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More On John Roberts

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Jeffrey Rosen says that the John Roberts he interviewed three years ago didn't appear to be an ideologue or angry -- the way Scalia and Thomas are -- holding out the slim hope that Roberts could be this Bush's Souter. Wishful thinking, maybe, but Rosen also suggests some tough lines of inquiry to get insight into Roberts' philosophy.

Mario Cuomo uses a USA Today op-ed to denounce ANYONE who tries to stack the courts with activists to achieve goals (like overturning Roe V Wade) they can't accomplish through the Congress and states.

Most political analysts believe that President Bush, by nominating Judge John Roberts, seeks to put on the Supreme Court a justice who will help achieve significant changes in laws through judicial decisions that the political branches of our government have failed to deliver. That would include limitations on abortion and the separation of church and state.
That sounds like Bush, don't it? And what Bush wants sure sounds like an activist judge to me.

Laurence Tribe weighs in via a USA Today article, saying that he too hasn't seen Roberts as a firebrand. (Hey, none of this means one shouldn't examine him extremely closely before making up your mind, but it's better than hearing your worst fears confirmed, isn't it?)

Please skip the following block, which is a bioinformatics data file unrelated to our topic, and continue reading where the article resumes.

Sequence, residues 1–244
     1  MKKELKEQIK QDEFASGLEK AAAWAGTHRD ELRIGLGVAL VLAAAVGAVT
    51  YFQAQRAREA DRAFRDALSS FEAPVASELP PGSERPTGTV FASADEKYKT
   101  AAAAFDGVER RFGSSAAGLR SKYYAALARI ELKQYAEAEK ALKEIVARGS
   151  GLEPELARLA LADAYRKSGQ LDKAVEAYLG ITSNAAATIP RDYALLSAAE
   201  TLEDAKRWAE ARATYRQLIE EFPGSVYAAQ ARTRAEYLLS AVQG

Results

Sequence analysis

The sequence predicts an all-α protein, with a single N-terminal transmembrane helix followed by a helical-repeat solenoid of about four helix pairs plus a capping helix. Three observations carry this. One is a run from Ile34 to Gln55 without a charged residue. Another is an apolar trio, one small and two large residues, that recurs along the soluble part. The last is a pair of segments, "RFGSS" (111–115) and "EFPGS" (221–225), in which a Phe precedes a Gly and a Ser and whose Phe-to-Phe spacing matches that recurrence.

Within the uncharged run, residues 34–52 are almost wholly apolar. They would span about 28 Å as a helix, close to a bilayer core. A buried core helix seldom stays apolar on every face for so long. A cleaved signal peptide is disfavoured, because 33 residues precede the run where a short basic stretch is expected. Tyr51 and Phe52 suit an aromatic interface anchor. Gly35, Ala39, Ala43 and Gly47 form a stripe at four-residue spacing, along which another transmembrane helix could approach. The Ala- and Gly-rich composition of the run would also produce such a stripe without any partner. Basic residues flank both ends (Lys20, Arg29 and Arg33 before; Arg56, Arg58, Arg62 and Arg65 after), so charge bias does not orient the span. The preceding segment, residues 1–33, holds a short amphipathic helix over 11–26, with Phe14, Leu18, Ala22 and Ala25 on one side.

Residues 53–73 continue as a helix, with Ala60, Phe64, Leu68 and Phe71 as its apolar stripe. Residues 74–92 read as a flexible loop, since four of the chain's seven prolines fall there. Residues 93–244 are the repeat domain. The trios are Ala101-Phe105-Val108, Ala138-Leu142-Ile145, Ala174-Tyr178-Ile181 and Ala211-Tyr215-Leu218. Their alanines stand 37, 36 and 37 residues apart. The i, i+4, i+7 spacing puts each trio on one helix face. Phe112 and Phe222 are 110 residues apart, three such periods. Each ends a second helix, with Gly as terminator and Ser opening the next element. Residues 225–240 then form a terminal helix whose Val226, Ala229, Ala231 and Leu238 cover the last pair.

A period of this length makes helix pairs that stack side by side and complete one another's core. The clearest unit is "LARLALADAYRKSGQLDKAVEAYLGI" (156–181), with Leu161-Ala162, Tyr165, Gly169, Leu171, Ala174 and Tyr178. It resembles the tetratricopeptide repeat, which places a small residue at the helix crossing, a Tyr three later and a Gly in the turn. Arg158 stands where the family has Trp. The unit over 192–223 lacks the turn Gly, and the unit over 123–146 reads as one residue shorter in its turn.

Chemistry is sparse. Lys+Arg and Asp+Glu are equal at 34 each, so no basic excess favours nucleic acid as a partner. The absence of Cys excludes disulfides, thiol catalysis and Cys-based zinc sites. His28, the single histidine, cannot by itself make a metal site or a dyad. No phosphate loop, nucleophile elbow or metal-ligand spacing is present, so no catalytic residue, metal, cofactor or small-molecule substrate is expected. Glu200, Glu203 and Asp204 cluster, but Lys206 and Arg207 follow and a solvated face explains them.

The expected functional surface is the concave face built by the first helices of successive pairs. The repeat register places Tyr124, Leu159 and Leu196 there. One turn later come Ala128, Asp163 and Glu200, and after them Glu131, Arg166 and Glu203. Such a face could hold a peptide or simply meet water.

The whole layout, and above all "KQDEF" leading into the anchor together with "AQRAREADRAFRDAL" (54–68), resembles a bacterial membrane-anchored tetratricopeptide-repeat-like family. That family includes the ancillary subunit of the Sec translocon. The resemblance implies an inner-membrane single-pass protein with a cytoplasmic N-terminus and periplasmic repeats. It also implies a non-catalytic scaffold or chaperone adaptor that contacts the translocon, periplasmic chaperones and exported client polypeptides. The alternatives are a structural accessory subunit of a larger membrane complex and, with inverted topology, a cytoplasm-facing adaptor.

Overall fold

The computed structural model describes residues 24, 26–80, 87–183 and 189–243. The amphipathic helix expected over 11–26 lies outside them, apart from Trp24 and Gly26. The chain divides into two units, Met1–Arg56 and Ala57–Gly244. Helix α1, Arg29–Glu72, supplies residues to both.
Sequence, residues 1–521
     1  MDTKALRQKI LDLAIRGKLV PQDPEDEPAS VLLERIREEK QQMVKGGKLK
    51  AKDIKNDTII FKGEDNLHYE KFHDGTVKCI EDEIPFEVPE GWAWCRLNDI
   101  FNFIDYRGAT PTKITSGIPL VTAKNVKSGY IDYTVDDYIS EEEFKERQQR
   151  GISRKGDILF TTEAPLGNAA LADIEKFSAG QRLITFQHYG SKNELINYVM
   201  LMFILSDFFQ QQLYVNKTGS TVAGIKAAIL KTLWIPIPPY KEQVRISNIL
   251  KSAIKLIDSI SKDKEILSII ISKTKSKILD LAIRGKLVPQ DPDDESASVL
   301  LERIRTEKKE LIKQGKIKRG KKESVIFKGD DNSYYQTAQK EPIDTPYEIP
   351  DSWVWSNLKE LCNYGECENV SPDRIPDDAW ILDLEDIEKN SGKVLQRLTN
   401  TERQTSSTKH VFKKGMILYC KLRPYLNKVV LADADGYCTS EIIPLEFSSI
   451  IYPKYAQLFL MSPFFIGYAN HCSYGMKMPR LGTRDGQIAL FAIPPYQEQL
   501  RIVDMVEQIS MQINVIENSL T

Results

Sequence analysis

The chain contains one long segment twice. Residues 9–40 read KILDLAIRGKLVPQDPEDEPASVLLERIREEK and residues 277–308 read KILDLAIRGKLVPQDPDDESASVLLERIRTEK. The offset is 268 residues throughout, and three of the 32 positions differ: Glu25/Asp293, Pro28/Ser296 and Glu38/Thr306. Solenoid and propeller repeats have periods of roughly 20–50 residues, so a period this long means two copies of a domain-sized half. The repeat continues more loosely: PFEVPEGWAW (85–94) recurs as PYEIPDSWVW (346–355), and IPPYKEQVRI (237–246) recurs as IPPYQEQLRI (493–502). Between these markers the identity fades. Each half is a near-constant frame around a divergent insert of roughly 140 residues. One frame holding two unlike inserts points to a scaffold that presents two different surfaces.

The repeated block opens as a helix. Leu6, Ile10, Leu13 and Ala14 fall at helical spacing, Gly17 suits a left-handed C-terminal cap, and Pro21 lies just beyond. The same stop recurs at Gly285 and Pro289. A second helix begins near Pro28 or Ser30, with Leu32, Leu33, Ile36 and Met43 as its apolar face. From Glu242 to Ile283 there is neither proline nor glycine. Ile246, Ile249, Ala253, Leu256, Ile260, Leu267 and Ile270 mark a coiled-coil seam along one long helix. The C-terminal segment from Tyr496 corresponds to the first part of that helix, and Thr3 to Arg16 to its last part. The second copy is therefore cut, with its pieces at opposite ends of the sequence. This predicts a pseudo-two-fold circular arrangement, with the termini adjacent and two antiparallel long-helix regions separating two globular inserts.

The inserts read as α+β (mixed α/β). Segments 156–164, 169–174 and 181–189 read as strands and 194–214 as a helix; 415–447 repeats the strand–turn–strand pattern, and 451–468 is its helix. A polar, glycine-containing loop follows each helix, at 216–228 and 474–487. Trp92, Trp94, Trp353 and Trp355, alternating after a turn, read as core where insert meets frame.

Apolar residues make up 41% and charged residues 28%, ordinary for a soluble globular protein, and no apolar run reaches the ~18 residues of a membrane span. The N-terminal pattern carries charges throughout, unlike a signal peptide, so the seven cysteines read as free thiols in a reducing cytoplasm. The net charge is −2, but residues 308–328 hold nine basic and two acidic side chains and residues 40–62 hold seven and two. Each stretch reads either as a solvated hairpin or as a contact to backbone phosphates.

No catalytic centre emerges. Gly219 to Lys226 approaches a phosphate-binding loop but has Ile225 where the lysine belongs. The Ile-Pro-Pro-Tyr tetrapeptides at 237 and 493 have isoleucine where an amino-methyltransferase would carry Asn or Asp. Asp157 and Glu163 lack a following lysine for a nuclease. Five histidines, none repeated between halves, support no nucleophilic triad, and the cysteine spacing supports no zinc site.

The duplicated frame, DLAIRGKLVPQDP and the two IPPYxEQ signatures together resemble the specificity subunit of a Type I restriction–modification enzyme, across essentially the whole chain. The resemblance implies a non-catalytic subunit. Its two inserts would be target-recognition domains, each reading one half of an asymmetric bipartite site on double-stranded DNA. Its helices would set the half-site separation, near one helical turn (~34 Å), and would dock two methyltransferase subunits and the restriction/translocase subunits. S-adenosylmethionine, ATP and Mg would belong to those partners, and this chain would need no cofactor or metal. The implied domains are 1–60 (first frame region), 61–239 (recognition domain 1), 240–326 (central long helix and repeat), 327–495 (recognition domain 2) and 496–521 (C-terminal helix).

"That makes the (Senate confirmation) hearings all the more important," says Harvard University law professor Laurence Tribe. "He doesn't have a long history of writings," as had Robert Bork, the former appeals court judge rejected for the high court in 1987.

"His appearance of decency and friendliness is real. I do think that his substantive philosophy, as much as I see it expressed, raises questions that require exploration."

While Tribe emphasizes the need to learn Roberts' views, he says the nominee does not appear to be a crusader. "I don't think John Roberts is putting on a gladiator suit as he marches toward the court," says Tribe.
And the American people in a poll quite reasonably say, hey, we need more info.
76% said they needed more information before they could decide whether his views were "mainstream."

74% felt it would be appropriate to ask Roberts about abortion at the hearings.
Guess what, the Dems are right in line with the American people. Let's take a a careful look at his (limited) record and hear what he has to say. Doesn't mean they won't bring down fire and brimstone if he proves to be fringe.

Why does Bush think the American people are stupid and wrong to want more information (meaning Roberts can't play dumb and pretend he has no opinion on landmark Supreme Court cases) and why does Bush think the American people are stupid and wrong to think asking about abortion is perfectly ok?

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